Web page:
I started the project the second week of September and shot three films. All three shoots were easy breezy. I had confidence and then I got sick for two weeks. Once I was better, it was October 2nd, two pics were already posted and I had to shoot pretty much every day since to keep up with the “posting-a-new-film-every-day-thing”. Several films I had originally sketched and planned to include had to be dropped (which broke my heart) but several surprises came up too! I got a bunch of random props from friends, fans and colleagues (like two headed babies and giant snakes) about halfway through the series, which was a Godsend. It helped me conceptualize new film projects to make up for ones that had to fall to the side. Certain things, like JAWS for example were impossible to shoot well once the weather suddenly drops and the tides rise. Nobody would go into the ocean in cold weather, and my camera wouldn’t survive the waves..
But yes. Very hard. Certain shoots seemed like they were gonna be a breeze and then when you are actually shooting, you experience huge problems. Silly things you don’t even think of. How is the Freddy Kreuger glove gonna stand up in a real bathtub? How do you shoot with the right depth of field to make Blair Witch “stick men” stand out in a fall forest full of sticks!? Changing the lighting in every shot for a nine shot Hitchcock Psycho tribute? With hot lights and water running? I learned more in the last month about making films than in Film School…..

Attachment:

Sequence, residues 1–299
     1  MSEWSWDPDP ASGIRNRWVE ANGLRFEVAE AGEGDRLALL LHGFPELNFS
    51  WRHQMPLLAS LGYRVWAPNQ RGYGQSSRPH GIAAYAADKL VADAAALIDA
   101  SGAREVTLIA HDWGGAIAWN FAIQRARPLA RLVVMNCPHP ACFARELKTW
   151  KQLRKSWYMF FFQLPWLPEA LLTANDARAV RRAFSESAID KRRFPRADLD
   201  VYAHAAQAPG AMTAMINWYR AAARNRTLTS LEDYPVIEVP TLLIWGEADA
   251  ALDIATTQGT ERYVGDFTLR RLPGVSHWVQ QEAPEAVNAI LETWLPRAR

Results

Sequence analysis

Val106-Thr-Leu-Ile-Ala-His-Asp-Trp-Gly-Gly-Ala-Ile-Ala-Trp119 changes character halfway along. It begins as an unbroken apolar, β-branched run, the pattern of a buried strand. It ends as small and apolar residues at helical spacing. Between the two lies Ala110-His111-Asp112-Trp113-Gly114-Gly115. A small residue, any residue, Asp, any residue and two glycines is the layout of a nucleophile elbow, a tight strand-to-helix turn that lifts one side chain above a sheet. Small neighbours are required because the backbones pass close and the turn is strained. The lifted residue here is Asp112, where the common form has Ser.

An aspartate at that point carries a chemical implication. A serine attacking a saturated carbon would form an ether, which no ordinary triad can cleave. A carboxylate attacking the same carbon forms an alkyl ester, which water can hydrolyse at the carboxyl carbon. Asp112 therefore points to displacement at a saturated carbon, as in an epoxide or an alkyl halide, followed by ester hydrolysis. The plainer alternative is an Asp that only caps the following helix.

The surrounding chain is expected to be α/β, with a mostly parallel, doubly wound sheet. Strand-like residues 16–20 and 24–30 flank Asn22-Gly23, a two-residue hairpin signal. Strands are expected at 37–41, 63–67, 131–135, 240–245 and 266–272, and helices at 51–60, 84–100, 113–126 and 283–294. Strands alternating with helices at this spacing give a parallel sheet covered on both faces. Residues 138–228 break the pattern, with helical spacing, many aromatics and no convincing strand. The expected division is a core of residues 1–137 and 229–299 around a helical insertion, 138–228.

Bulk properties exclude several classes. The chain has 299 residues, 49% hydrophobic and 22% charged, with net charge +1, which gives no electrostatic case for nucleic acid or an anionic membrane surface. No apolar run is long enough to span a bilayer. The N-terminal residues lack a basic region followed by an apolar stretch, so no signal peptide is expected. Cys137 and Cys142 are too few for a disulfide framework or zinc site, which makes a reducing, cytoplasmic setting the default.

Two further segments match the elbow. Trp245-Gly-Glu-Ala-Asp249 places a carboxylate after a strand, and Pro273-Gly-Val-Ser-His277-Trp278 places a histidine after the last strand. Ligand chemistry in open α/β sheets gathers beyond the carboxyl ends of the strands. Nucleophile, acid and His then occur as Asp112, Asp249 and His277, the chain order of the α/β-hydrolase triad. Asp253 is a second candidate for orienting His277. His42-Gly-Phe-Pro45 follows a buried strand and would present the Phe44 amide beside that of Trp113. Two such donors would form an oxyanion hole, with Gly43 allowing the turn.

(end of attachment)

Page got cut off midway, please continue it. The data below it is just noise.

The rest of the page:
TN: Tell me about your history - how did you get into photography? Who have been your main influences? And what has been your proudest achievement so far?
KF: I have been taking pictures professionally since 1999. I had my first exhibition then, but I suppose I’ve been taking photos my whole life. I started sharing them in 1999 at the request of an art dealer I photographed for fun. My mom enrolled me in a photo summer class I begged to be in when I was eight or nine. The teacher told her I was a prodigy and used math while I shot. Which was funny at the time, because I was terrible at math.